Tag Archives: digital vs film

Kodak UltraMax 400

A few months back I bought 10 rolls of fresh Kodak Gold 200 and Ultramax 400.  It took me a while to try the 400 as I thought it would be grainier than the Gold 200.  When I shot some on this summer’s long trip I was pleasantly surprised.  I don’t find that even on my largest most detailed monitor (An Apple Thunderbolt Display – finer than 2K and less than 4K) that the grain is greater than the Gold.  I have been shooting Ektar and Fuji Velvia 50 quite a lot and I have to tell you that the cheaper Ultramax looked very good.  I used it for landscape.

cleveland

corn palace

daylilie

I was very pleased with these results.  The middle shot of the Corn Palace in Iowa I also took with my Nikon D5500.  I shot this raw and converted with LightRoom.

Corn Palace Nikon

As is I like the Ultramax shot better.  If I twiddled around with the Nikon photo above long enough I might be able to get it to look as good as the Kodak shot.  But only maybe and the Kodak picture had minimal editing.  Oh, and the Nikon picture is a far larger file.

I also shot quite a few people pictures with the Kodak.

jeff cathy jon betsy_

barb behind fox

me in amana

To me the skin tones are also quite good.  I also took a number of indoor pictures with natural light and these turned out quite good too.  These pictures we all taken with my Minolta 600s, which is a late 90’s higher end manual / auto SLR.  The lens depending on the shot is either a 50mm 2.8 Sigma or a 24mm 2.8 Sigma.  Great camera and two really great lenses.

So I give a double thumbs up on Kodak Ultramax 400.  Color saturation to me is very good.  Not quite as much as Ektar, but for a wide variety of shots I like the color rendering better on Ultramax.  Velvia 50 definitely has more color saturation, but is much more sensitive on exposure, and as with Ektar does not look the best with people shots.

The other 400 speed film I have shot recently is Fuji Superia 400.  In my opinion the Superia and Ultramax are very similar.  Both good.  I like the fact you can still get the Ultramax in 36 exposure rolls.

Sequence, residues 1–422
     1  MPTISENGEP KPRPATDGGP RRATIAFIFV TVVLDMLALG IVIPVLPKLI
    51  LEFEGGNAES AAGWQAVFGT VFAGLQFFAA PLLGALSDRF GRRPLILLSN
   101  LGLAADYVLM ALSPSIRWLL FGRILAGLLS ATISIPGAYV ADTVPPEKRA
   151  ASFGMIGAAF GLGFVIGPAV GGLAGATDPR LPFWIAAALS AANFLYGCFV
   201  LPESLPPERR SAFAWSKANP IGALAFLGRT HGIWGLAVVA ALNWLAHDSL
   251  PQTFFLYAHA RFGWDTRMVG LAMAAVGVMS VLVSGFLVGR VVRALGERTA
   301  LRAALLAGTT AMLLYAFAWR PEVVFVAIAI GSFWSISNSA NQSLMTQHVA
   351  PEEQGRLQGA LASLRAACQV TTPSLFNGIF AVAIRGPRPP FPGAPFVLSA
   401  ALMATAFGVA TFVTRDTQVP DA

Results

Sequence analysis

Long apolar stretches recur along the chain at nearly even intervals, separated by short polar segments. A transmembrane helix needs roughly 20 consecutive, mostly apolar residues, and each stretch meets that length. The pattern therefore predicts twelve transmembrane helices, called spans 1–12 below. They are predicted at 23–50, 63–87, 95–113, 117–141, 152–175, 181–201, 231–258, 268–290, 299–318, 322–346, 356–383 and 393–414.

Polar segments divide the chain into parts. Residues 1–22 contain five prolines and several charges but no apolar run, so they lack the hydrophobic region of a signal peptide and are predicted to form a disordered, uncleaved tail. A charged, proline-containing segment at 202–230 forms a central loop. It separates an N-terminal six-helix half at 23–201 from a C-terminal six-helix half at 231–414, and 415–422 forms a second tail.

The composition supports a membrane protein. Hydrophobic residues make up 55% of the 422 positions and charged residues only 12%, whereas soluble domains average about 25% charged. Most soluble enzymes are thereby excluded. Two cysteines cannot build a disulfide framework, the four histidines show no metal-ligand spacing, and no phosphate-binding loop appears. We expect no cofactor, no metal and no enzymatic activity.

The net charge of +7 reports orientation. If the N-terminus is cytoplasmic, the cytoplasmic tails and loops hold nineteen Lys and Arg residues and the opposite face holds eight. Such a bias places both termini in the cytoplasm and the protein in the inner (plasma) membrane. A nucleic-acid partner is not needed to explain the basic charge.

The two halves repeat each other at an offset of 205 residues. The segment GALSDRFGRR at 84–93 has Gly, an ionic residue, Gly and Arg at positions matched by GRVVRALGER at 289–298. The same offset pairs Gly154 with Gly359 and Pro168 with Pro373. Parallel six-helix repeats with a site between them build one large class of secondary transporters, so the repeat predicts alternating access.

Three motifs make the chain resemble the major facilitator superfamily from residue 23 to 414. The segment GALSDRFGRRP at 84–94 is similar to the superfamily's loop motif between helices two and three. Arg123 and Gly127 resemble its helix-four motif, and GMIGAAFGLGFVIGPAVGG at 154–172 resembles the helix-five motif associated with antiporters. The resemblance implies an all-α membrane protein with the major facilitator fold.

Film Fiasco

Several times I have posted on this blog that I love using film instead of digital some of the time.  But the two rolls of film I used over the holidays that just ended turned out terrible.  I was only able to save a few pictures using heavy edits in Lightroom.  Why, well I let myself get lazy because my digital cameras are very new and they work quite well with no effort other than point and shoot.  So even though the last 10-15 rolls of film I have shot have had almost all of the shots turn out great, I took them all in daylight and outdoors.  The two rolls I shot in the last few weeks were indoors and I mostly used a flash.  And the film I used was balanced for outdoor light and not for flash or indoor lighting.

So the color balance was terrible.  But there were also other problems.  On one of the rolls I shot about half the pictures using a 135mm lens which is a medium telephoto.  Well, 35 year old lenses don’t come with vibration reduction.  So I took quite a few pictures at too slow a shutter speed.

My first reaction was to make a New Years resolution to give up taking film pictures.  I actually put my least favorite 35mm SLR on ebay.  But then I cooled down.  The bad pictures were my own fault.

poor white balance shot
poor white balance shot

Modern cameras have become so good that most people today don’t really know how to take pictures, they just point to camera/ computer at what they want an image of and usually the result is acceptable.  Even my six month old Nikon can be used without adjusting it at all.  You just put it on automatic and it does almost everything.  However, if you want better than acceptable it takes a lot of learning and some skill.